Buying a foreclosure or REO property in
What's an REO?
REO's or Real Estate Owned are homes which have been foreclosed upon which the bank or mortage company currently owns. This differs from real estate up for foreclosure auction. When buying a property during a foreclosure sale, you must pay at least the loan balance plus any interest and other fees added during the foreclosure process. You must also be able to pay with cash in hand. And on top of all that, you'll accept the property entirely as is. That could consist of existing liens and even current occupants that may require removal.
A REO, by contrast, is a much cleaner and attractive proposition. The REO property was unable to find a buyer during foreclosure auction. Now the lender owns it. The lender will handle the removal of tax liens, evict occupants if needed and generally prepare for the issuance of a title insurance policy to the buyer at closing. Do be aware that REOs may be exempt from normal disclosure requirements. For instance, in Calfornia, banks are exempt from giving a Transfer Disclosure Statement, a document that typically requires sellers to make known any defects of which they are informed.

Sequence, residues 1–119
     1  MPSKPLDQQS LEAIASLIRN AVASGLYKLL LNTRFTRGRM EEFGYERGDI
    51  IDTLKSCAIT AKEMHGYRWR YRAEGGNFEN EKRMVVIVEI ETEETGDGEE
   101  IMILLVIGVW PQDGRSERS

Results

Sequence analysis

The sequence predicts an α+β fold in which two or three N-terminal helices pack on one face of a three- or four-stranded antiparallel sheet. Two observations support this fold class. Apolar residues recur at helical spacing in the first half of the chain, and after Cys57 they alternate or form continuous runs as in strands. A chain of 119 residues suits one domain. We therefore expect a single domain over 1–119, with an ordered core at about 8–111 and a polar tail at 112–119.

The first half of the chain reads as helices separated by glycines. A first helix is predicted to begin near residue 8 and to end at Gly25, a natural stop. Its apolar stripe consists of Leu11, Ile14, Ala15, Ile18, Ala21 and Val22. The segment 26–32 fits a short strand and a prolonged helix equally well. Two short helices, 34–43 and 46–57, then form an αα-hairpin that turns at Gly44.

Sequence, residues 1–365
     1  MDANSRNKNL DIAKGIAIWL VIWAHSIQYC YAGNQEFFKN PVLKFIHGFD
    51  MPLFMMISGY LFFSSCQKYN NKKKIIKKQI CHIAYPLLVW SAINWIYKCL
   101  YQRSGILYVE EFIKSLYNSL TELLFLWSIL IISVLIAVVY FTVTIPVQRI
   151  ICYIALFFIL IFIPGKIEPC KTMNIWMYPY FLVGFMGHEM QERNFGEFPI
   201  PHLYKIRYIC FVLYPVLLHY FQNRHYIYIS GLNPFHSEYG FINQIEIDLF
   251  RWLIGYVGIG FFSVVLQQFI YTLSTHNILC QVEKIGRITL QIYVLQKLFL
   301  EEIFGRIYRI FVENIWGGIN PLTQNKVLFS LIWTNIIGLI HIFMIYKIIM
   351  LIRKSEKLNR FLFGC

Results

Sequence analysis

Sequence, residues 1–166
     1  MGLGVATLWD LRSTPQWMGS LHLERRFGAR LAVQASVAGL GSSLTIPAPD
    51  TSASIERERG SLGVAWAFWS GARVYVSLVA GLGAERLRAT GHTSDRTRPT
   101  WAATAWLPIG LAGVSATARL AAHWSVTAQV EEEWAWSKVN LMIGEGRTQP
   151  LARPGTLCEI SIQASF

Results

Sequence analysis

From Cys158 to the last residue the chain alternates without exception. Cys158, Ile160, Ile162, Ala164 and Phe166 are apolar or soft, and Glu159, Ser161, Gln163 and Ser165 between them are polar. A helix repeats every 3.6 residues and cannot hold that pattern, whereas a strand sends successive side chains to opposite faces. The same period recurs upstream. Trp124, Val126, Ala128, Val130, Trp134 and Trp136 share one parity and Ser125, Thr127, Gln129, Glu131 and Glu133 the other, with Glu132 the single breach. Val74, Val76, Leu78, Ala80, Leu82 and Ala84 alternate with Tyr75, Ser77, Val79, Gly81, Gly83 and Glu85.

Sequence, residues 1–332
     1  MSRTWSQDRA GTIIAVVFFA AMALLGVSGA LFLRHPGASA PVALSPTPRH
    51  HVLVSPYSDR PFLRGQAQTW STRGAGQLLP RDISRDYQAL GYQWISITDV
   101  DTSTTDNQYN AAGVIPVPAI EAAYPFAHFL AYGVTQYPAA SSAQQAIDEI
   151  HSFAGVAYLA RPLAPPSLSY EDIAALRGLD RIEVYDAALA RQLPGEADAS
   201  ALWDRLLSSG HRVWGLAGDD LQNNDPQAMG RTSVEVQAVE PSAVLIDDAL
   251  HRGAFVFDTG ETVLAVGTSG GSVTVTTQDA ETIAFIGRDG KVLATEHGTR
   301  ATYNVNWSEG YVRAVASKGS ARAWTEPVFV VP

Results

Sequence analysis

Is an REO in Salisbury a bargain?
It's occasionally believed that any REO must be a steal and an chance for easy money. This isn't always true. You have to be very careful about buying a REO if your intent is make a profit. While it's true that the bank is usually anxious to sell it fast, they are also strongly encouraged to get as much as they can for it. When pondering the value of a REO, you need to look closely at comparable sales in the neighborhood and be sure to take into account the time and cost of any repairs or remodeling needed to prepare the house for resale. It is possible to find REOs with money-making potential, and many people do very well buying and selling foreclosures. However there are also many REO's that are not good buys and may lose money.
Time to make an offer?
Most banks have a REO department that you'll work with while buying a REO property from them. Commonly the REO department will use a listing agent to get their REO properties listed on the local MLS. Prior to making your offer, you'll want to contact either the listing agent or REO department at the bank and find out as much as you can about what they know regarding the condition of the property and what their process is for accepting offers. Since banks typically sell REO properties "as is", you'll want to be sure and include an inspection contingency in your offer that gives you time to check for unknown damage and cancel the offer if you find it.
As with making any offer on real estate, providing documentation of your ability to pay may make your offer more attractive, such as a pre-approval letter from a lender. Once you've presented your offer, you can expect the bank to make a counter offer. From there it will be your choice whether to accept their counter, or make another counter offer. Understand, you'll be dealing with a process that most likely involves several people at the bank, and they don't work evenings or weekends. It's not unusual for the process of offers and counter offers to take days or even weeks.